A tough challenge to overcome when unit testing in any object oriented language is figuring out how to invoke private methods and modify or read private variables in the context of the tests, while also not unnecessarily modifying the code under test.  You often hear the argument that code should be "testable" from the start, which I agree with, but when I find myself creating code purely for the sake of accessing methods and variables to expose them to the test case, I leverage something available to Objective-C, a category.  In Objective-C, a category allows you to add behavior to a class without subclassing it.  You can even define a category on a class from within a different class.  This allows us to creatively define a category on our class under test, from within our test case class.  Here's an example:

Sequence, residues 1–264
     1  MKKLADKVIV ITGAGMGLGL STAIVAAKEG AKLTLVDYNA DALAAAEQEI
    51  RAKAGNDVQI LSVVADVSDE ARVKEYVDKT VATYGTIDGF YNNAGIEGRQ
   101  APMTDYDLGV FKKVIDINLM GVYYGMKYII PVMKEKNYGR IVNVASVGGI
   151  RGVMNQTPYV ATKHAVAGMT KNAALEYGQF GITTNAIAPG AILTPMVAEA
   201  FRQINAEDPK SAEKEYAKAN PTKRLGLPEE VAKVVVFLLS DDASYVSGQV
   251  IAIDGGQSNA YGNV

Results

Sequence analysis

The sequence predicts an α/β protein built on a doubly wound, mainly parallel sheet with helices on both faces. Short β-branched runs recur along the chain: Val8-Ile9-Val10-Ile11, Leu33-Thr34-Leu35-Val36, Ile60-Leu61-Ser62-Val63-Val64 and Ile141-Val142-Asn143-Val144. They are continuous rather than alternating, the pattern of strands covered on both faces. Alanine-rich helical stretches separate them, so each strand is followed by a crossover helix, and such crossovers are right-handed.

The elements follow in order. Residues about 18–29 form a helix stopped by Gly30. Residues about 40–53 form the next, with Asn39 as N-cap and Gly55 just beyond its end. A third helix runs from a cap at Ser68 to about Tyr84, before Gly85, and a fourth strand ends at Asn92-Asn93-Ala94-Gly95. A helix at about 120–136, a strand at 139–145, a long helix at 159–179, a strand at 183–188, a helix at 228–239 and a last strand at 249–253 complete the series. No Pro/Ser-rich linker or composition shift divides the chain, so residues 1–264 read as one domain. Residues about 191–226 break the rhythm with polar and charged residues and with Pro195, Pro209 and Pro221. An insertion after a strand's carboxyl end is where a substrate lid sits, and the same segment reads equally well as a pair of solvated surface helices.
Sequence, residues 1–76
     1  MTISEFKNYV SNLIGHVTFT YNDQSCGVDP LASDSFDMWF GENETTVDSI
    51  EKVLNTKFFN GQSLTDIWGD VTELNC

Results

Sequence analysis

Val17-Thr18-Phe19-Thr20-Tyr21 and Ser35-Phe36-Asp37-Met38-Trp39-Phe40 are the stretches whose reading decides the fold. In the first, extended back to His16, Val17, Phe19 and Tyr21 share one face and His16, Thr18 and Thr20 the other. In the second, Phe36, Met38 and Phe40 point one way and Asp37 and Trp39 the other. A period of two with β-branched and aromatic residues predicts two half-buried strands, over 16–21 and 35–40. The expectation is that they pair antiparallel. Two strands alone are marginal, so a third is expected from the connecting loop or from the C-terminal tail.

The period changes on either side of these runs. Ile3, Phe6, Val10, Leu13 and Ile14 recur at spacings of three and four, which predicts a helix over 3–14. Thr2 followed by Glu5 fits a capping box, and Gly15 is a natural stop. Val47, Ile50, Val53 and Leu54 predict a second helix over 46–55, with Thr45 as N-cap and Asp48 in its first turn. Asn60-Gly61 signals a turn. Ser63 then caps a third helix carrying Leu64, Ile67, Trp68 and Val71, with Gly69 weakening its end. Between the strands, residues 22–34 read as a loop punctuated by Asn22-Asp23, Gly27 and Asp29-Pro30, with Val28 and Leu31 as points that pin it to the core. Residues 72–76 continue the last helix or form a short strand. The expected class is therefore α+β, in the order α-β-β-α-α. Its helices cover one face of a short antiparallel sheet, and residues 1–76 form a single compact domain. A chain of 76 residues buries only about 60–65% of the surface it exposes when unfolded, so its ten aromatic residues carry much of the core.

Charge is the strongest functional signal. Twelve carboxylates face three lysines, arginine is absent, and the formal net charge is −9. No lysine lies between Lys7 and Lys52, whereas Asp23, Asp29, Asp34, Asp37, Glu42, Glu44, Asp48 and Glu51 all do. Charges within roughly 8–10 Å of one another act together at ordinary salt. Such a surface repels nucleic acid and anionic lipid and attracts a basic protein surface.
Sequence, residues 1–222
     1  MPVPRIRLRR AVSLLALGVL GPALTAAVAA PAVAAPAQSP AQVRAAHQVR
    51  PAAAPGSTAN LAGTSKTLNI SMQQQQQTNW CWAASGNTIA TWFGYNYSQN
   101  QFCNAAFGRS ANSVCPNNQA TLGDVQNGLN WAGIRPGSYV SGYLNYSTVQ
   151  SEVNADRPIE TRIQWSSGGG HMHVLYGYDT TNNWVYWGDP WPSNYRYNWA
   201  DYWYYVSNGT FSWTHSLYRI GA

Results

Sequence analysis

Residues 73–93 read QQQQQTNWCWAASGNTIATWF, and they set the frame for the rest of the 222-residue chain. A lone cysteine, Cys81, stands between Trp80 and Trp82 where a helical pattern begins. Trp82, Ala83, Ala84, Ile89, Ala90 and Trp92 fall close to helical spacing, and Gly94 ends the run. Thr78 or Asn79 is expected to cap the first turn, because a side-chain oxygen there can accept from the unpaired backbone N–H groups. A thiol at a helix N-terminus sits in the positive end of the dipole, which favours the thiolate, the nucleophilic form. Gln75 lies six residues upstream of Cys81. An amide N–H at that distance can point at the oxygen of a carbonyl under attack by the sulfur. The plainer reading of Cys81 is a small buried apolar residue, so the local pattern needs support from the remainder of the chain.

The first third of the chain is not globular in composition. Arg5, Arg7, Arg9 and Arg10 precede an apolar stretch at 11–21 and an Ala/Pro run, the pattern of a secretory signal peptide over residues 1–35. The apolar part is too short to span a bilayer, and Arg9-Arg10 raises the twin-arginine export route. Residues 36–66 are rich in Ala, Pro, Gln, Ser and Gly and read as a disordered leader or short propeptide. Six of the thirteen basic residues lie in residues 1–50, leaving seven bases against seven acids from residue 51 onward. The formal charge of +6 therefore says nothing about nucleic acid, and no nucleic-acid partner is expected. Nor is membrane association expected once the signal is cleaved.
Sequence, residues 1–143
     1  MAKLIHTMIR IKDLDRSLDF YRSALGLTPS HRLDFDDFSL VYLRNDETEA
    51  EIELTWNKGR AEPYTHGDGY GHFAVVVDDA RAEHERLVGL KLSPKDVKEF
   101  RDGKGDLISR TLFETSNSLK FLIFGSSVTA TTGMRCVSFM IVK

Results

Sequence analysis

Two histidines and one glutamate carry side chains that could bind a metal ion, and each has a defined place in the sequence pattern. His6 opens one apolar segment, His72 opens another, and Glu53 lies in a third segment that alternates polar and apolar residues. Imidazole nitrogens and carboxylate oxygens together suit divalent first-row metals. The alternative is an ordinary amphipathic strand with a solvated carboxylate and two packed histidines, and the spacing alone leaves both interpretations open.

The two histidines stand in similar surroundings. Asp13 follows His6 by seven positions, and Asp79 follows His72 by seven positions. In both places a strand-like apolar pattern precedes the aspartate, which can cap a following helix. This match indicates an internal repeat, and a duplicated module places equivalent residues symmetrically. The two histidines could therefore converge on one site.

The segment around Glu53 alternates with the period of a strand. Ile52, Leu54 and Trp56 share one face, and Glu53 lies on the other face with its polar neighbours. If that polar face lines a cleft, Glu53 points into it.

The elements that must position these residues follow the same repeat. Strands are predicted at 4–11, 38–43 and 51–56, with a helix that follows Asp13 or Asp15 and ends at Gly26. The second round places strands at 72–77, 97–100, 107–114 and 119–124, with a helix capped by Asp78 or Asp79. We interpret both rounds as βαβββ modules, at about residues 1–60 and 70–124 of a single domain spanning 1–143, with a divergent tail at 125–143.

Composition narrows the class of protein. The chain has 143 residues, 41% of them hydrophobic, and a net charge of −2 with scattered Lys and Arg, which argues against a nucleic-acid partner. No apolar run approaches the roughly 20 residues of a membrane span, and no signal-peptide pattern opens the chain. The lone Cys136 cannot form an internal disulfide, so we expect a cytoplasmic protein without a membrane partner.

In our unit tests, we want to test the smallest possible unit of code, a method in this case.  Specifically, aPrivateMethod is not exposed in the public interface of SomeObject, so how can we call the method to create tests around it?  Here's how you can achieve that with use of an Objective-C category


Notice how cleanly we can expose the private method on SomeObject without modifying SomeObject itself, or any other code that will run within the live application (another tip: ensure that your XCTestCase subclasses are only part of your Test build target, not the target that builds your app binary for the App Store).

Wrapping up, be sure to keep the goal of your test case in mind when using OCMock (or any other mocking framework in whatever language).  It's very easy to slip towards creating so many mock objects that you're no longer actually testing anything besides the behavior of the mocking framework.

OCMock has definitely helped me achieve a higher level of confidence in my unit tests.  Hopefully you give it a try and have the same result.